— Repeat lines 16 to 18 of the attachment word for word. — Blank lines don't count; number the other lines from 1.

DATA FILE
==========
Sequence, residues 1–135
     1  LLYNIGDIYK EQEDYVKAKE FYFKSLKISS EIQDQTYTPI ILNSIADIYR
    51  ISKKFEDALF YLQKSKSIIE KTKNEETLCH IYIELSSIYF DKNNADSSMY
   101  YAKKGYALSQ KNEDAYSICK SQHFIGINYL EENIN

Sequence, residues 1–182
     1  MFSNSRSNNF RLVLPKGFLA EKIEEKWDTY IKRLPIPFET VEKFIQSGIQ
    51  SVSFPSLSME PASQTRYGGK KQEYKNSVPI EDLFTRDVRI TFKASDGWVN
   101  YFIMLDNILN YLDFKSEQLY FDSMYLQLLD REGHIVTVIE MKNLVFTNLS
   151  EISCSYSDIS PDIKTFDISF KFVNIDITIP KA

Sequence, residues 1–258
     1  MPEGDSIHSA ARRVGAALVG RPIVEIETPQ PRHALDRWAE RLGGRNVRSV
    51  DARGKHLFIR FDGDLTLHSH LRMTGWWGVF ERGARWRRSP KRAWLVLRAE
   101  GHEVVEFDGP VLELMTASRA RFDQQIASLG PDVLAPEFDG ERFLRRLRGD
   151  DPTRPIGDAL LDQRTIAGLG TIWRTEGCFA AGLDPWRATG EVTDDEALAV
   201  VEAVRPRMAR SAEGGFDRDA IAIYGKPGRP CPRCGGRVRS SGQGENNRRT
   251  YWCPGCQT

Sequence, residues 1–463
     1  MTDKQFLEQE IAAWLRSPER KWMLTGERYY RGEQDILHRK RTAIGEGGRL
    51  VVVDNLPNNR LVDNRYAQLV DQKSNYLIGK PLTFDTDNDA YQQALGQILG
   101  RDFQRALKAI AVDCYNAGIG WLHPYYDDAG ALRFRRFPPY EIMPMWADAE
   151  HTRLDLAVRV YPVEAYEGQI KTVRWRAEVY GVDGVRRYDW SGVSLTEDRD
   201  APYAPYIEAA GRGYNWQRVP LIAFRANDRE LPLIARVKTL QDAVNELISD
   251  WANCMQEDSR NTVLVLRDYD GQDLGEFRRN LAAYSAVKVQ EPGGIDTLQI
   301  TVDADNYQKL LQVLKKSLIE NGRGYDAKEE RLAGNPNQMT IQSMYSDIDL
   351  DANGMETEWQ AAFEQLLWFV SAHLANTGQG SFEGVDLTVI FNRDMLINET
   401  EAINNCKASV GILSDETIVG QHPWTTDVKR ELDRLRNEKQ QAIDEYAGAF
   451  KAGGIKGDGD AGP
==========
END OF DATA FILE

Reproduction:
   251  YWCPGCQT

Sequence, residues 1–463
     1  MTDKQFLEQE IAAWLRSPER KWMLTGERYY RGEQDILHRK RTAIGEGGRL